In fact, it would probably be a good idea to have her checked out by the podiatrist and the OT before she starts school, in any case; she may need something minor like insoles or a special pen to help her not to overstrain her joints.

If she does develop problems (and remember there is a good chance she won't!) it will still be a benefit to her to have been diagnosed this early. Many families go through years of disbelief and sometimes even accusations of child abuse because their doctors aren't clued up enough to pick up on the real problem. The link to the HMSA in an earlier post is an excellent one: these people are most helpful and full of good advice. Just remember that their members are primarily at the more severe end of the spectrum, so don't be too worried by other people's experiences.

Piffle Thu 06-Dec-07 16:02:26

piedros are orthotic, therapy shoes, they are superb.

HappyChristmasWalrusIsOver Thu 06-Dec-07 16:02:27

I didn;lt walk until 2 and have hypermobility. In fact, I can bend into all sorts of postiotions (well, before I got fat anyway)

IT hasn't caused me any problems!!!

ChopsterRoastingOnAnOpenFire Thu 06-Dec-07 16:05:02

are you IGW?

HappyChristmasWalrusIsOver Thu 06-Dec-07 16:05:52

Btw, I did get back pain as a teen as connected to hms, but it wasn't too debilitating and would come and go.

HappyChristmasWalrusIsOver Thu 06-Dec-07 16:07:06

am I what, fat or hypermobile? wink

Both!

HappyChristmasWalrusIsOver Thu 06-Dec-07 16:07:59

Dure, yes I am IGW,

Make that fat hypermobile and a thicko grin

ChopsterRoastingOnAnOpenFire Thu 06-Dec-07 16:10:30

pmsl grin

I shall have to pick your lack of brains sometime, I'm never sure where ds1's hypermobility starts and dyspraxia begins!

HappyChristmasWalrusIsOver Thu 06-Dec-07 16:14:45

Tbh, Chopster, I know little about it except my own experineces. I only found out when I was 21 after bteaking my arm.

After a bit of investigation, the docs concluded the back pain I had theought my teens was directly atrributablpe to hms, and I have a moderate to mild "strain" (couldn't think of a better word!)(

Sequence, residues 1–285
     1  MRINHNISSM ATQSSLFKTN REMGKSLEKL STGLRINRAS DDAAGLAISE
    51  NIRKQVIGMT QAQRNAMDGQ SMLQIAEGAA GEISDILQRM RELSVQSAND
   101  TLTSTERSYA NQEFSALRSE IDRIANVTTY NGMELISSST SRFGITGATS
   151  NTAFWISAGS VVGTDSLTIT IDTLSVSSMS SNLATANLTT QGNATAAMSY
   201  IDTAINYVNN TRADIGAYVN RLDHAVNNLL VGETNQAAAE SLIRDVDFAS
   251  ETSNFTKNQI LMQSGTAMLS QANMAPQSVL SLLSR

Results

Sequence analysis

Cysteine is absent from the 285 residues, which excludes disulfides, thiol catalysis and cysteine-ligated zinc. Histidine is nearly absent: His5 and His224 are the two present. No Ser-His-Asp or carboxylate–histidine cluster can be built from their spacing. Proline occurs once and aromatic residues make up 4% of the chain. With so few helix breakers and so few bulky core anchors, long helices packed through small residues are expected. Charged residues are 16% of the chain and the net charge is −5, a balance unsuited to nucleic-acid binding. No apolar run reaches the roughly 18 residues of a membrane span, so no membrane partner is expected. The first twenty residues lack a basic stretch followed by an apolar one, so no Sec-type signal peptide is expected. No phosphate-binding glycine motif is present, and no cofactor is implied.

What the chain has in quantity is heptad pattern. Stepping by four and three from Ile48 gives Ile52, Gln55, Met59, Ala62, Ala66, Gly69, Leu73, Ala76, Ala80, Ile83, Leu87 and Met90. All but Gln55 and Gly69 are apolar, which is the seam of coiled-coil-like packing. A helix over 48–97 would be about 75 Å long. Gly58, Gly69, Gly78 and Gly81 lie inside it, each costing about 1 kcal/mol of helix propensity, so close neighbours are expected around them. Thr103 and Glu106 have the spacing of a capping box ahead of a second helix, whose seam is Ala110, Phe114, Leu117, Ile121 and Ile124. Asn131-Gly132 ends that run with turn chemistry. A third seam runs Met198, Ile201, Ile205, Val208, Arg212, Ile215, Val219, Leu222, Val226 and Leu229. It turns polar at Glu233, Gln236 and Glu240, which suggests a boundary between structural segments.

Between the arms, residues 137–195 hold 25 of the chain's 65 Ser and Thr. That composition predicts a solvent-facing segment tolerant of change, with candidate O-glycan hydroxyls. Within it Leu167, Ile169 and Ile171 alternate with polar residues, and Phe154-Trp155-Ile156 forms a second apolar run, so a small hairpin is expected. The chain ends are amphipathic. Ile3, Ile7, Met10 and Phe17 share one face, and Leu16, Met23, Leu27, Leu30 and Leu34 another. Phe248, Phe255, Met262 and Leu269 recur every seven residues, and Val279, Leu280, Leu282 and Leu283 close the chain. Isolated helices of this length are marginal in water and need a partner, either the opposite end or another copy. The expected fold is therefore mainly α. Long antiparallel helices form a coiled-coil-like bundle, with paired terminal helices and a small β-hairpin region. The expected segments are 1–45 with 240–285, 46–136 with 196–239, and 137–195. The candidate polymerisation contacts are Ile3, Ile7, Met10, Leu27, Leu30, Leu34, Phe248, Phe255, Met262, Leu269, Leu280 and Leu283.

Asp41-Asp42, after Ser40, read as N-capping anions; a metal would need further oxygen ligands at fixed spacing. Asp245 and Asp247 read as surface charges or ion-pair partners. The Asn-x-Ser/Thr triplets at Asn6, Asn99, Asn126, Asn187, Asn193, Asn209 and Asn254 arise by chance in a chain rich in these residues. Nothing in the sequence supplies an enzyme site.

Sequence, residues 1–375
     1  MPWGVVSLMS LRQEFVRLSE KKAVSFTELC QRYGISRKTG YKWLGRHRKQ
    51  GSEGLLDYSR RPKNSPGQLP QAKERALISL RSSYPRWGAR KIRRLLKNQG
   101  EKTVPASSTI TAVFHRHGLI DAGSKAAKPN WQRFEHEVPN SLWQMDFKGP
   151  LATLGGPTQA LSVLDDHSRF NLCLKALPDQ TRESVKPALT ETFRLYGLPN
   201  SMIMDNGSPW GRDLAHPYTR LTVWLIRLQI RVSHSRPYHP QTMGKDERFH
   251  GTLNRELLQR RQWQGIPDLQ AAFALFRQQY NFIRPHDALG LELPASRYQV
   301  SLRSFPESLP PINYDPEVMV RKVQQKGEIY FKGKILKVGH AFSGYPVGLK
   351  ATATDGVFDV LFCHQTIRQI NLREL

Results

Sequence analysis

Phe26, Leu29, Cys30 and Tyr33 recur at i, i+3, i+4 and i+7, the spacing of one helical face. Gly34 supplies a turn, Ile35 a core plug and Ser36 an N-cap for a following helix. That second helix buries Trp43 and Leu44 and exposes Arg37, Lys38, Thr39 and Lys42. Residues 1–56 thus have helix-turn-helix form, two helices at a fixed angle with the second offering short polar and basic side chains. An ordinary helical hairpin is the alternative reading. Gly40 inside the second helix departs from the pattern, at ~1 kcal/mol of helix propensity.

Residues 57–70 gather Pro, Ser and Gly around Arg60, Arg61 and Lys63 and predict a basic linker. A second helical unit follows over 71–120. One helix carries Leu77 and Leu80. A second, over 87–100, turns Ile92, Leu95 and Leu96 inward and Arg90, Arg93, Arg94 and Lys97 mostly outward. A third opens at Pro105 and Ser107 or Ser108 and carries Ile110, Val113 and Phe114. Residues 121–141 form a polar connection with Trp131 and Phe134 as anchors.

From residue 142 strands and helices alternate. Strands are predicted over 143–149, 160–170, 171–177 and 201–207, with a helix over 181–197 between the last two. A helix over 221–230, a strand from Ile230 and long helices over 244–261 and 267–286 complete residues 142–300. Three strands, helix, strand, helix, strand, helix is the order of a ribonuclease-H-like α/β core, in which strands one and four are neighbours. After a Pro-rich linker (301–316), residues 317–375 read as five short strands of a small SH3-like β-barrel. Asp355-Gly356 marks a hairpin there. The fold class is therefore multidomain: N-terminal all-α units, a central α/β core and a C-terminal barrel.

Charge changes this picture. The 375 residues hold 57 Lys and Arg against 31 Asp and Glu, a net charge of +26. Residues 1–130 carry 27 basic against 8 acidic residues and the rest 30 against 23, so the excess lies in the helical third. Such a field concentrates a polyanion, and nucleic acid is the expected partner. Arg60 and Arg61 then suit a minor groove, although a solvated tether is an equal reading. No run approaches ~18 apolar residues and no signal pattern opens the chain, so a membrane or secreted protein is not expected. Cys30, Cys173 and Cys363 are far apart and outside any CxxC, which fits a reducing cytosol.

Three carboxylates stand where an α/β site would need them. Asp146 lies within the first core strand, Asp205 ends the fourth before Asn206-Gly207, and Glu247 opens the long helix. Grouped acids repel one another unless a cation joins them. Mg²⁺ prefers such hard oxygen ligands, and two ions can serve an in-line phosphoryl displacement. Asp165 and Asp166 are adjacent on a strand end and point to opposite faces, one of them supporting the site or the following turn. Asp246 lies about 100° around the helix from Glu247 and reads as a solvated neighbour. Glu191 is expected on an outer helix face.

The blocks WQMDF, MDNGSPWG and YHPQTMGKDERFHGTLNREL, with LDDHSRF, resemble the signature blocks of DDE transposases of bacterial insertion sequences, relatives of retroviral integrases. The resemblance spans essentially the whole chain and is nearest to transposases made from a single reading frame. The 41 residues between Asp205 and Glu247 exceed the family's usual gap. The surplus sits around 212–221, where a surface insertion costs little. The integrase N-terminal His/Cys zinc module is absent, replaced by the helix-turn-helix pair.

Apart from the back pain, it has naver really made a great deal of differnce to me, but it explins why I am bendy (bendier still before I got a belly)

lailasmum Thu 06-Dec-07 16:21:01

This is really interesting. I think this is what my brother and mum both have. My brother is so incredibly mobile in his joints it causes him a lot of pain, when he writes as his joints sort of bend back to front and he basically has it in all his joints as far as I can see and my mum has this too. My mum has knees that bend backwards amongst other things and several other members of my family have odd joints that bend backwards including myself.

That web link was very interesting. Is it worth getting my brother to see a doctor or it one of those things that is just something its worth knowing about?

My dd was very late to walk and I wonder if she has it to some extent. I will have to find out more.

cory Thu 06-Dec-07 17:21:00

Lailasmum, I think it would be worth it for your brother to see an occupational therapist: with the right sort of pen and a few easy exercises, he might be able to write without pain, which would certainly be worth it. My dd has been given a special pen (they sell them in WHSmiths) and told she needs to use a sloping board when writing to improve her posture; she also does finger exercises for a few minutes twice a day. Physio might also be a good idea for the rest of your brother's body, to prevent strain and injury. My dd has had to retrain how she stands in front of a mirror, as hypermobile people often have poor proprioception (knowing how their limbs are positioned) so a good posture can feel very unnatural to them.

fizzbuzz Thu 06-Dec-07 17:33:27

My ds (14) is hypermobile. It was diagnosed when he was about 6.

His feet turned inwards and he had those support thingies.

He has a very weird gate and slouches everywhere (or is that just being a teenagergrin)It has affected him, in that he suffered a lot of sprained ankles from about 7 to 11, but these have stopped now. He is a slow runnerbecause of his gait, which makes him fed up, but that's about all he suffers

fizzbuzz Thu 06-Dec-07 17:33:57

Gait of course..........not the garden gate you understand.........

fizzbuzz Thu 06-Dec-07 17:44:09

Have just re read this thread.

DD 17 months old, walks on her knees everywhere, and doesn't seem overkeen to walk. She has a foot which turns in. Took her to docs about foot, and she said nothing to worry about. Never thought about hypermobility. Should i take her back?

lulurose Fri 07-Dec-07 21:18:37

Thankyou for all the replies. Fizzbuzz, I'd follow your gut instinct on that one butit did take 7 months from referral to physio appointment. The general opinion seems to be that if still not walking by 2 then to seek advice. The physio told me children who knee walk often have turned out feet due to the pressure/constant leaning back on their legs when on knees.